Balanced budgets and present values

Public debt levels and balanced budgets have never been more in the media and the minds of politicians and economists around the world. The question of whether and when a budget should be balanced is fundamental to how governments are reacting to the struggling economy, high unemployment and increasing government borrowing in developed countries around the world.

Much of the conversation ignores some pretty fundamental points about the present value of future taxes and the present value of future payments arising out of current obligations. If a nation’s social security system is not funded or “pay as you go”, one might argue that there is a significant additional liability not being reflected in the national accounts. The size of some of these numbers is sufficiently large to swamp the current conversation about debt levels.

Equally, though, we can’t take into account the present value of all future social security payments for the next hundred years without considering the taxes that will be raised over that same period. This future stream of cash inflows to government treasuries could be considered an asset.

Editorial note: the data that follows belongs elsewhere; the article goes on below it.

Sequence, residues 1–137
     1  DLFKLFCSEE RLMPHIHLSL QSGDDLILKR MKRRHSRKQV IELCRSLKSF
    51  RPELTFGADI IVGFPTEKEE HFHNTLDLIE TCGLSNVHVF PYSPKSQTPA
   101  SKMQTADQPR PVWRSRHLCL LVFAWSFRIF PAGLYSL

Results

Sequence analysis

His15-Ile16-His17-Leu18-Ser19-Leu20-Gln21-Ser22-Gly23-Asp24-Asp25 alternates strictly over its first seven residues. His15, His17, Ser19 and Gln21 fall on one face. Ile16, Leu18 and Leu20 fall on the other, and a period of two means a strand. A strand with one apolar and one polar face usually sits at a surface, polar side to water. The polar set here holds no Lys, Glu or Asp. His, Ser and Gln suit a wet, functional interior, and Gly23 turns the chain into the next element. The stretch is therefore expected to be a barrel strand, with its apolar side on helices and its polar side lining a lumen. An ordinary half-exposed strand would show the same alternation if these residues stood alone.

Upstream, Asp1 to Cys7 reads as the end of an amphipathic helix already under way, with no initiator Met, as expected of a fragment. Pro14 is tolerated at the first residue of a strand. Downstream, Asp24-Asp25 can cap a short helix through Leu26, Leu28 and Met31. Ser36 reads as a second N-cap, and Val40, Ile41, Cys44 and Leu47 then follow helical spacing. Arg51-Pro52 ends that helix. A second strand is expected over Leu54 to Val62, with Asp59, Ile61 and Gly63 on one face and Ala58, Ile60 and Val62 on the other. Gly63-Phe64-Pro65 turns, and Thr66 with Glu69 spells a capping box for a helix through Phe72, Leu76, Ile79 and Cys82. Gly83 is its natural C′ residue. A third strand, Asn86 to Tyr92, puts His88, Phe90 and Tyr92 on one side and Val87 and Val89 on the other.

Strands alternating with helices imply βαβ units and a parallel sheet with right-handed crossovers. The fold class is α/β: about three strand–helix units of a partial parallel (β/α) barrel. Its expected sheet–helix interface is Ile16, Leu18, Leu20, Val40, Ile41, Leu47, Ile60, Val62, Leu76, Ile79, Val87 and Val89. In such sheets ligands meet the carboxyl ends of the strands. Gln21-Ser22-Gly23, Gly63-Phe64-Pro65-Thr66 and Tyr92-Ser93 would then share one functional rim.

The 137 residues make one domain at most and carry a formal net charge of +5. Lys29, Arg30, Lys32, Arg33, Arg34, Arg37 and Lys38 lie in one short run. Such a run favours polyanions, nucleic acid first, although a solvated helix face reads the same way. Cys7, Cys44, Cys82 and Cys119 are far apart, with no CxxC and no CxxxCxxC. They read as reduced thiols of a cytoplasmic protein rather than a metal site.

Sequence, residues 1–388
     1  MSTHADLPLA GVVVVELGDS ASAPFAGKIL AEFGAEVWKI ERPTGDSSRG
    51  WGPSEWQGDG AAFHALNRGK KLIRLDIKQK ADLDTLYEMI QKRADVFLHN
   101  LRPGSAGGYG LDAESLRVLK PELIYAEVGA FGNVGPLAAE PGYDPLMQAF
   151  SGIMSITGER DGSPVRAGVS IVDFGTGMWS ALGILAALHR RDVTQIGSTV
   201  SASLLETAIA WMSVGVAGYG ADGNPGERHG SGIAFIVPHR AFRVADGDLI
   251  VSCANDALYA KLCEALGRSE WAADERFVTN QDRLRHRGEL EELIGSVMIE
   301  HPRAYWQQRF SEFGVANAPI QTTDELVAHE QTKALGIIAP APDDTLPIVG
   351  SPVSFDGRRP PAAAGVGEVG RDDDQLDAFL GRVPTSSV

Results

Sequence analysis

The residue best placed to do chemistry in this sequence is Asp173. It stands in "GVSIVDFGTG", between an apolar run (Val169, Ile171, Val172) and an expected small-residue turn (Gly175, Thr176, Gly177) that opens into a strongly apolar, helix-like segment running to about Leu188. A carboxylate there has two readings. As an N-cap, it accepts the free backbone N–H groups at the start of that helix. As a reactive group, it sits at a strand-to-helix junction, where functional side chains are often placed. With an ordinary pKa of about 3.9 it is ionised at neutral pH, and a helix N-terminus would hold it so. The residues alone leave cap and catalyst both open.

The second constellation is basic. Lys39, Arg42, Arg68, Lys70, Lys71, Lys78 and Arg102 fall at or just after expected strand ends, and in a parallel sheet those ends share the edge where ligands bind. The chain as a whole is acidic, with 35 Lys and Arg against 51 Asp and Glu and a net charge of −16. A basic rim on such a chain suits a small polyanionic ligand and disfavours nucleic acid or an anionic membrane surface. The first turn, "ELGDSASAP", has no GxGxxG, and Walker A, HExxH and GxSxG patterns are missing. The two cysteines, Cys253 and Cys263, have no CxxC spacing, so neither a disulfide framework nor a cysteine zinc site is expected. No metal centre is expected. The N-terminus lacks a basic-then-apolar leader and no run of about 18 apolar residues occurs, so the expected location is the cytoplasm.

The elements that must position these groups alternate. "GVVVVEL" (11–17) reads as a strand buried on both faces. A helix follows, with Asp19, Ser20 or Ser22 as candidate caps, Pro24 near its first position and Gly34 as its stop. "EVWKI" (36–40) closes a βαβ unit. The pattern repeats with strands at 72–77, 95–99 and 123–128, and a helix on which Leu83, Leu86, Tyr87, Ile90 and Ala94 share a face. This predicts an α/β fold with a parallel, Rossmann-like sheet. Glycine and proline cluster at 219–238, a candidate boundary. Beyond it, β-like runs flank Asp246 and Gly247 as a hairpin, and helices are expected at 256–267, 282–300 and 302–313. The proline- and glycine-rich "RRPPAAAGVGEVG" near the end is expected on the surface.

Now the possibility of calculating the present value of cash outflows and inflows and the measurement of these “liabilities” and “assets” doesn’t necessarily mean doing so is the most useful way of understanding the problem. Pension valuations often use “projected unit credit methods” and others of determine an appropriate net liability at a particular point without explicitly considering the future contributions that will be required to fund the liability over time.

The relevance of present values and the budget is fairly well understood when it comes to social security, but the same principles should inform nationalization and privatization debates. Selling a national asset only changes the net position of national finances if the receipts received from the market are higher than the present value of future profits to the treasury from the company.

On the other side, borrowing to finance a productive capital project doesn’t change the net balance sheet position, although it does increase gearing – just like for any organisation.

The point of this slightly rambling post is that budget deficits and the demand to balance budgets are usually based on incredibly short-sighted measurements of national finances. If we don’t consider the impact on economic growth and therefore future tax receipts when making decisions, we are bound to get it wrong more often than right.

Published by David Kirk

The opinions expressed on this site are those of the author and other commenters and are not necessarily those of his employer or any other organisation. David Kirk runs Milliman’s actuarial consulting practice in Africa. He is an actuary and is the creator of New Business Margin on Revenue. He specialises in risk and capital management, regulatory change and insurance strategy . He also has extensive experience in embedded value reporting, insurance-related IFRS and share option valuation.

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